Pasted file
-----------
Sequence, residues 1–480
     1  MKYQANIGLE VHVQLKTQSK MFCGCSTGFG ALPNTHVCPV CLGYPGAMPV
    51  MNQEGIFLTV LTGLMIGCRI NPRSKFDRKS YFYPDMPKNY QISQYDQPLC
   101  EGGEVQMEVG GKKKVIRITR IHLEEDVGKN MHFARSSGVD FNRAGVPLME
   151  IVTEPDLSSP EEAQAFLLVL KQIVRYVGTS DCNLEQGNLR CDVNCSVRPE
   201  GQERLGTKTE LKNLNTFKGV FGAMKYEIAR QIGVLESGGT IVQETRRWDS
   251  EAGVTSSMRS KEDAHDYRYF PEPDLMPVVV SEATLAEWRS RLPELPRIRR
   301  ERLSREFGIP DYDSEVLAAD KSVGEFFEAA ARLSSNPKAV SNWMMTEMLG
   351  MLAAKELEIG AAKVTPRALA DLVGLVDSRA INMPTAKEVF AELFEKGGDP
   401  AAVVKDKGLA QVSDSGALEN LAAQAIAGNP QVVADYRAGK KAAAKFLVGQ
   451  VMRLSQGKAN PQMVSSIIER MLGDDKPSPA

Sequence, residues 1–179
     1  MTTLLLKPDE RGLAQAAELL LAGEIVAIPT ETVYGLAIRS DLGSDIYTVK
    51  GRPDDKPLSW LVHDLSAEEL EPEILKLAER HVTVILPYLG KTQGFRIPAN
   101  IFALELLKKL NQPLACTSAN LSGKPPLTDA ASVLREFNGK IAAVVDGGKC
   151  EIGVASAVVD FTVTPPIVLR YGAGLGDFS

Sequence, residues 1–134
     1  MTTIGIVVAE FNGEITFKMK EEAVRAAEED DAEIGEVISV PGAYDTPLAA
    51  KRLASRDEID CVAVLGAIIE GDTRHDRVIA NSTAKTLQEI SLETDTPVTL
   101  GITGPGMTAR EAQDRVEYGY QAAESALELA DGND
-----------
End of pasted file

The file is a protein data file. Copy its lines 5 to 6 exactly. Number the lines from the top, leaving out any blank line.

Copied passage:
   151  IVTEPDLSSP EEAQAFLLVL KQIVRYVGTS DCNLEQGNLR CDVNCSVRPE
   201  GQERLGTKTE LKNLNTFKGV FGAMKYEIAR QIGVLESGGT IVQETRRWDS